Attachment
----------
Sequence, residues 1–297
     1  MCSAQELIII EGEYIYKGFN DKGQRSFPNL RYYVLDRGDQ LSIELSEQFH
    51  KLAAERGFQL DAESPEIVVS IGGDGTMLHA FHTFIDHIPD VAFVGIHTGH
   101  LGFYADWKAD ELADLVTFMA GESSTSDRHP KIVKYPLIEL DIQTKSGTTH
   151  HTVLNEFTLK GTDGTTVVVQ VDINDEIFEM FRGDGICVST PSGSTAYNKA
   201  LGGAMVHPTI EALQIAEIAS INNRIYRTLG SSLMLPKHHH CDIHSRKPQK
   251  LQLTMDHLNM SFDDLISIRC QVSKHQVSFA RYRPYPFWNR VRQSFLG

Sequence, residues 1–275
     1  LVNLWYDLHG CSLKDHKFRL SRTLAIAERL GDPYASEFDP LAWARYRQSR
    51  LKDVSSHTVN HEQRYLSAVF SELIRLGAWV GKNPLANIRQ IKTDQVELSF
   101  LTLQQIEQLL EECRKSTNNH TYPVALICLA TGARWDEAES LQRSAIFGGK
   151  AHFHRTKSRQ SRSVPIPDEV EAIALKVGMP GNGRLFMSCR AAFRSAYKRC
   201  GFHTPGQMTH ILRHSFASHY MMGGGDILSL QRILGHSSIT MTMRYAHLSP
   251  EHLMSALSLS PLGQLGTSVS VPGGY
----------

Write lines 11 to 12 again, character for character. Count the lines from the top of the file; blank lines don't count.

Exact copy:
   101  LTLQQIEQLL EECRKSTNNH TYPVALICLA TGARWDEAES LQRSAIFGGK
   151  AHFHRTKSRQ SRSVPIPDEV EAIALKVGMP GNGRLFMSCR AAFRSAYKRC